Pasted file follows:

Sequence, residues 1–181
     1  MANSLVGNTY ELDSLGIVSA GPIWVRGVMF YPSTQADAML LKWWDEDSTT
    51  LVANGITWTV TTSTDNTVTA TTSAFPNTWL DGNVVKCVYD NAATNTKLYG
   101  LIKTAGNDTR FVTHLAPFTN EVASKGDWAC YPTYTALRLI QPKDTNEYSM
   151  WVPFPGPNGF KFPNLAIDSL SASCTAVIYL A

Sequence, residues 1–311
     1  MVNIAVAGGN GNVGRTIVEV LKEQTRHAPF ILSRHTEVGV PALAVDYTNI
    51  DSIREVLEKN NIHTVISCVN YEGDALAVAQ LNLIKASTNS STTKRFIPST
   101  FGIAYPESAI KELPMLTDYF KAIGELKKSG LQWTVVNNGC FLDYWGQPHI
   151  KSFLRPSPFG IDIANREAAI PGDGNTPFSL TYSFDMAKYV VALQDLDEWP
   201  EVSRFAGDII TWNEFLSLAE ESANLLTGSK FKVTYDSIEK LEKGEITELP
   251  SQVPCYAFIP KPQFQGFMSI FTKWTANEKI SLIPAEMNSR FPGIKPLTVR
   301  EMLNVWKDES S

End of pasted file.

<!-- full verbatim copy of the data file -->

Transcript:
Sequence, residues 1–181
     1  MANSLVGNTY ELDSLGIVSA GPIWVRGVMF YPSTQADAML LKWWDEDSTT
    51  LVANGITWTV TTSTDNTVTA TTSAFPNTWL DGNVVKCVYD NAATNTKLYG
   101  LIKTAGNDTR FVTHLAPFTN EVASKGDWAC YPTYTALRLI QPKDTNEYSM
   151  WVPFPGPNGF KFPNLAIDSL SASCTAVIYL A

Sequence, residues 1–311
     1  MVNIAVAGGN GNVGRTIVEV LKEQTRHAPF ILSRHTEVGV PALAVDYTNI
    51  DSIREVLEKN NIHTVISCVN YEGDALAVAQ LNLIKASTNS STTKRFIPST
   101  FGIAYPESAI KELPMLTDYF KAIGELKKSG LQWTVVNNGC FLDYWGQPHI
   151  KSFLRPSPFG IDIANREAAI PGDGNTPFSL TYSFDMAKYV VALQDLDEWP
   201  EVSRFAGDII TWNEFLSLAE ESANLLTGSK FKVTYDSIEK LEKGEITELP
   251  SQVPCYAFIP KPQFQGFMSI FTKWTANEKI SLIPAEMNSR FPGIKPLTVR
   301  EMLNVWKDES S